Recent Releases: The Best (Almost) Full Bodied Cigars
By John Pullo
Been keeping an eye toward new blends hitting the market over the last few years? With just a glance at the scoreboard, you noticed what could almost be a trend: full bodied cigars have been winning the day when it comes to availability and selection. Even the many Connecticut cigars that have landed in the past year or so have leaned well away from mild. But then something happened. The chase for flavor, and a more savory experience from start to finish, began displacing the full-tilt flamethrowers that favored strength above all else.
Could it be? Are cigar makers backing their foot off the gas pedal a little bit? It would seem that way, given the more recently released sticks that comprise our latest report: almost full bodied cigars from the past year, give or take a couple of months. Oh, they’re heady, alright; but these cigars have been blended to oblige your taste buds with a flavorful reward over a case of the nicotine sweats. And that’s the difference with this list of smokes…each nestles itself into that gray area between medium and full bodied cigars that is commonly called medium-full (or medium-plus, almost-full or whatever term you prefer to use for it).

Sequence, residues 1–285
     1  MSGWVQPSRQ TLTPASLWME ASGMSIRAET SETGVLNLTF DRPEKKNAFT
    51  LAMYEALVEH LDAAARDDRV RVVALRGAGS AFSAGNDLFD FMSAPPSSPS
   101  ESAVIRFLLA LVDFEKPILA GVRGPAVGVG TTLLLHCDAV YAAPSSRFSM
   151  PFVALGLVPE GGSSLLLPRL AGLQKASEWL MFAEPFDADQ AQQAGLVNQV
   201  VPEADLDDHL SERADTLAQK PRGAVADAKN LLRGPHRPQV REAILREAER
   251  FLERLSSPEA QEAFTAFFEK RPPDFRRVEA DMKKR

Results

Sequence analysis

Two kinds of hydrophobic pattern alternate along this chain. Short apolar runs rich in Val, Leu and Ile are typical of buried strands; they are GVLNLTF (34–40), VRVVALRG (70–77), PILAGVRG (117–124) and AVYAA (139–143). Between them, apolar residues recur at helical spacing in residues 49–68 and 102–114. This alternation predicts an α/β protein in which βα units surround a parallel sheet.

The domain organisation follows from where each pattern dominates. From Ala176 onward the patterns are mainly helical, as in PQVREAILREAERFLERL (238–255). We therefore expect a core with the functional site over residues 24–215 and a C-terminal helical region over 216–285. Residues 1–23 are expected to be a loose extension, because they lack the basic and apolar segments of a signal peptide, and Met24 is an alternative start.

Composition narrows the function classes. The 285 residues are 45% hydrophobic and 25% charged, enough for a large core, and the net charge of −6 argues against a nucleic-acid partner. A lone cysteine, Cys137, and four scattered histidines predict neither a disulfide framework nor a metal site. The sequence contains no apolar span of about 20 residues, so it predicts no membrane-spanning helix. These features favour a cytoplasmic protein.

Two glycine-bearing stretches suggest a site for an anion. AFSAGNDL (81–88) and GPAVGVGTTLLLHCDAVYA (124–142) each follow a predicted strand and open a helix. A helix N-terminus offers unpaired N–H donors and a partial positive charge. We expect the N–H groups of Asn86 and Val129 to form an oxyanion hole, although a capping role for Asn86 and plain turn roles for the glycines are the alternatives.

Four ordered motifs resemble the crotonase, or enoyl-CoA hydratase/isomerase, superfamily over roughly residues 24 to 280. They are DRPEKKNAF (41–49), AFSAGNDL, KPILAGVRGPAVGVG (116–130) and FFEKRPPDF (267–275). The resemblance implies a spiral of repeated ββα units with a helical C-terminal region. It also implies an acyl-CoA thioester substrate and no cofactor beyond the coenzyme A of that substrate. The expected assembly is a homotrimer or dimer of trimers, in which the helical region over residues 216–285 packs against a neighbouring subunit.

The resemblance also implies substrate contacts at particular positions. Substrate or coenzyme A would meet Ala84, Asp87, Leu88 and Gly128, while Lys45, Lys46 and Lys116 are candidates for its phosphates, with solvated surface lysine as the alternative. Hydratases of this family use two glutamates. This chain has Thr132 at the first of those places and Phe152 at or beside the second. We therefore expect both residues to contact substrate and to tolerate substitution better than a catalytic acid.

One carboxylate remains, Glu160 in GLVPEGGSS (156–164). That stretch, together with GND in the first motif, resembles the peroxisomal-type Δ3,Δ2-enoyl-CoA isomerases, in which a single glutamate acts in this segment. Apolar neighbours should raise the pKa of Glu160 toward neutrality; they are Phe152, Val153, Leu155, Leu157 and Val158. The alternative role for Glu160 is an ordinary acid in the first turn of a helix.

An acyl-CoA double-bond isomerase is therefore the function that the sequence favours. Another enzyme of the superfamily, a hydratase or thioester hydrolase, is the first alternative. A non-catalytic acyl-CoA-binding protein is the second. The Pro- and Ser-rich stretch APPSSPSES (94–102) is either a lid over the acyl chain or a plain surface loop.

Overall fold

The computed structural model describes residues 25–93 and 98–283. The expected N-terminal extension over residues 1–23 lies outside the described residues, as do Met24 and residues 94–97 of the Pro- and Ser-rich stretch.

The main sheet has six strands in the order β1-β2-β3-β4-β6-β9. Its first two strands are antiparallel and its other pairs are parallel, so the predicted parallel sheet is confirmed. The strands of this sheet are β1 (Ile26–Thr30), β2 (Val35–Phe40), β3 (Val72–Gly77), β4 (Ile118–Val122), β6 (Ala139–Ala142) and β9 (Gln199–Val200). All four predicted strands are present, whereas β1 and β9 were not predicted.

Make no mistake, the old toughs will still call each of these a “real” cigar. But with a slightly less-volatile-than-nitroglycerin profile, each is very approachable in your hunt for smoke-filled satisfaction. So polish off a Porterhouse and a glass of your favorite adult beverage, then light one of the following nine cigars and try not to look too content. Good luck with that.
Henry Clay Stalk Cut Toro